South Dakota lawmakers won't see a controversial anti-abortion bill some activists wanted to bring this session, but that doesn't mean abortion won't be on the agenda next month in Pierre.
Groups like South Dakota Right to Life wanted to bring a "fetal pain" bill, similar to measures passed in states such as Nebraska, that declare that fetuses can feel pain after 20 weeks and that therefore abortions after that date are illegal.
But no bill ended up materializing.
Leslie Unruh, executive director of the Alpha Center in Sioux Falls and a prominent anti-abortion activist, said her group considered supporting such a measure but ultimately decided it was better to wait with the state currently defending 2005 and 2011 anti-abortion laws in court.
"You can only have so much on my plate, and my plate is pretty full," she said. "We're committed to the legislation we've already passed."
Valerie Johnson, the education coordinator for South Dakota Right to Life and the South Dakota delegate to National Right to Life, had been one of the bigger proponents of bringing a fetal pain bill before the Legislature.
"It just didn't work out quite right this year," said Johnson. "There's a lot of other stuff going on right now."
That "other stuff" includes four bills that touch on the issue of abortion.
One of those bills, up for an initial hearing Thursday morning before the House Health and Human Services Committee, is HB 1150. That measure would regulate the advertising of pregnancy centers that don't provide abortion services or referrals.
Any such pregnancy center could, under the law, be prosecuted for advertising containing any statement or omission, related to its services, that is "untrue or misleading" and that the center "knew or should have known to be untrue or misleader" when published.
Unruh said the Alpha Center, a pregnancy center, is fiercely opposed to HB 1150.
"It would close pregnancy centers," Unruh said. "There's no way around that."
A spokesperson for Planned Parenthood of Minnesota, North Dakota and South Dakota declined to comment about the specifics of any of the abortion-related bills that have been offered this legislative session.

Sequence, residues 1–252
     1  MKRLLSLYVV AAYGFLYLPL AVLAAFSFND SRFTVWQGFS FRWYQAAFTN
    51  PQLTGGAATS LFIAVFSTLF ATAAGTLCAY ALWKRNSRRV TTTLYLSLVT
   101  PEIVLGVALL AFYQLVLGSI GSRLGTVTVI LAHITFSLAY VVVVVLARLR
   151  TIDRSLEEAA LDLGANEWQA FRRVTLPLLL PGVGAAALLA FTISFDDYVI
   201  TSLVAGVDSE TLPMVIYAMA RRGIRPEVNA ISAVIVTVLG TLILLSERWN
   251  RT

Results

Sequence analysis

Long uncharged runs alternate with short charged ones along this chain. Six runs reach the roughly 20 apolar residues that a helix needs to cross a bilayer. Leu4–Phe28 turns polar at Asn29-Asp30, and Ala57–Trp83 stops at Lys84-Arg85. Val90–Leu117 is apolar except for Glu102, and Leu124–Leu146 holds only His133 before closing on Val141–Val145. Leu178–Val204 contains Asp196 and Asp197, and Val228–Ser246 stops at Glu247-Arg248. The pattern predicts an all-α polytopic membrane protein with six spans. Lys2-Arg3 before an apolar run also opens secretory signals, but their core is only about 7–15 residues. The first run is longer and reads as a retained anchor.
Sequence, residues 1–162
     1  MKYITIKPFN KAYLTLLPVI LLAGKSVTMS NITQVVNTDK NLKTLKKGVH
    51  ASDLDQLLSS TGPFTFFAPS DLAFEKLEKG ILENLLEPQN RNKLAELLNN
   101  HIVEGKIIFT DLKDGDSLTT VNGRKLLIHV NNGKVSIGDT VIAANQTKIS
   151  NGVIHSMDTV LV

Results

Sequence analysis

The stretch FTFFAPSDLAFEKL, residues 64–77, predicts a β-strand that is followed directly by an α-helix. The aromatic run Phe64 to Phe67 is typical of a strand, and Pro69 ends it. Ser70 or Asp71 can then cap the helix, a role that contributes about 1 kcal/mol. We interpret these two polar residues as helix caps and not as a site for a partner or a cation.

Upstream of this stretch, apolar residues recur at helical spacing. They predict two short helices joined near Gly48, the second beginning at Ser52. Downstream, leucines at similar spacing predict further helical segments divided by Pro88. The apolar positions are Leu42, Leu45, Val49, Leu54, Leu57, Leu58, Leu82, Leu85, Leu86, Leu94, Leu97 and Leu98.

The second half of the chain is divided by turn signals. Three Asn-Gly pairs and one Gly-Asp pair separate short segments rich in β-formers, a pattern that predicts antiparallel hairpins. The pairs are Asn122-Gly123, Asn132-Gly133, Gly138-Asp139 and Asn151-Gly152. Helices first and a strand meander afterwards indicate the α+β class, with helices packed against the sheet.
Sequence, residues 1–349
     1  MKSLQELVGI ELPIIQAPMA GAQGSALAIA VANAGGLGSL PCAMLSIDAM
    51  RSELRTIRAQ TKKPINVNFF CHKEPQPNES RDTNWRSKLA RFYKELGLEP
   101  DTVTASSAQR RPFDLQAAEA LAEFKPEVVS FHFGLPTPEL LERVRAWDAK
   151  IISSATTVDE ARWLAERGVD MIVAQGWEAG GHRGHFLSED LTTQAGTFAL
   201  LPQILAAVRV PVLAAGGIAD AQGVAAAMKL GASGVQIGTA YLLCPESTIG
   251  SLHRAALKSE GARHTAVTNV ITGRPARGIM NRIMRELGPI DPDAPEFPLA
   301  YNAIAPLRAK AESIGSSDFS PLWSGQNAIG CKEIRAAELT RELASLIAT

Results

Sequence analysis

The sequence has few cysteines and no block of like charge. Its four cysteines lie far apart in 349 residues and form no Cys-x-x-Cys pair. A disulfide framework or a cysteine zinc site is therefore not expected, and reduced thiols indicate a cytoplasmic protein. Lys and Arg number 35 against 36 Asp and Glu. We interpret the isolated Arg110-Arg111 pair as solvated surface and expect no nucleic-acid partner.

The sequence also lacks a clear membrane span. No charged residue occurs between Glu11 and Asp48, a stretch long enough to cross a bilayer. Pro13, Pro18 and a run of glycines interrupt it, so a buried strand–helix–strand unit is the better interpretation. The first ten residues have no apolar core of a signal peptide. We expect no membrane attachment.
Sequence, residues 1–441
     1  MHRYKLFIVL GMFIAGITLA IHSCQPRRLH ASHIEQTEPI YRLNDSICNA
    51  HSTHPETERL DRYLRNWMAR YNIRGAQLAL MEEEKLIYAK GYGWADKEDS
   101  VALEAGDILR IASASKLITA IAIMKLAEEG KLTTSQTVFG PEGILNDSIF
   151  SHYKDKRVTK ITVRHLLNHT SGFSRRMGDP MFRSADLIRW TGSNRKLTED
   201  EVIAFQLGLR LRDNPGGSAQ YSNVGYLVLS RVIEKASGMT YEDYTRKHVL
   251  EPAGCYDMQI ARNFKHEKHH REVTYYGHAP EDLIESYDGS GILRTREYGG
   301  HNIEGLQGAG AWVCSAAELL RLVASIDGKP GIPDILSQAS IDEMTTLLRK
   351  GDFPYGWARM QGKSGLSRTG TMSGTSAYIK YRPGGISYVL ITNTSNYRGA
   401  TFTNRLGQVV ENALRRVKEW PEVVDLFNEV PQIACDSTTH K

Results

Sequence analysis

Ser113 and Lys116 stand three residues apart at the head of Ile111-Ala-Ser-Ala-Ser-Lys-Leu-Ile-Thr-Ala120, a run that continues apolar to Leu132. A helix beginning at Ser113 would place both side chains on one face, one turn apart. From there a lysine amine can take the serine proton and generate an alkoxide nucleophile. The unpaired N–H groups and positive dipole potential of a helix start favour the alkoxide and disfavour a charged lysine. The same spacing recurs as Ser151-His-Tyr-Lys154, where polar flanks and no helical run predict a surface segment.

Several other abortion-related bills have yet to be scheduled for hearings.
HB 1185 deals with an overlap between abortion and the federal Affordable Care Act. That law asks for states to set up health insurance exchanges for individuals to purchase health insurance from - and gives states the right to forbid plans on their exchange from covering abortion.
Sponsored by Rep. Jon Hansen, R-Dell Rapids, HB 1185 would put such a ban in place on any health insurance exchange established in South Dakota. If passed, abortion coverage could only be offered as a supplemental elective by plans participating in the exchange. Only abortions to save the life of the mother would be allowed under basic health insurance plans.
South Dakota does not have an exchange, and Gov. Dennis Daugaard recently said he wouldn't try to set one up until at least next year.
HB 1254 would revisit last year's controversial abortion law, HB 1217. That law is being challenged in court by Planned Parenthood and the American Civil Liberties Union of South Dakota. HB 1254 would revise some of the language HB 1217 set in place regarding a woman's consultations with physicians and pregnancy care centers in an attempt to make them more legally sound, Unruh said.
Not explicitly related to abortion, but also dealing with pregnancy, is SB 148. Current law provides for simple or aggravated assault charges for anyone who assaults a pregnant woman and injures an unborn child or children. SB 148 would create two new offenses, criminal battery of an unborn child and aggravated criminal battery of an unborn child, with similar penalties to the old assault charges.
The bill would also delete language singling out assault on an infant less than 3 years old for increased penalties.
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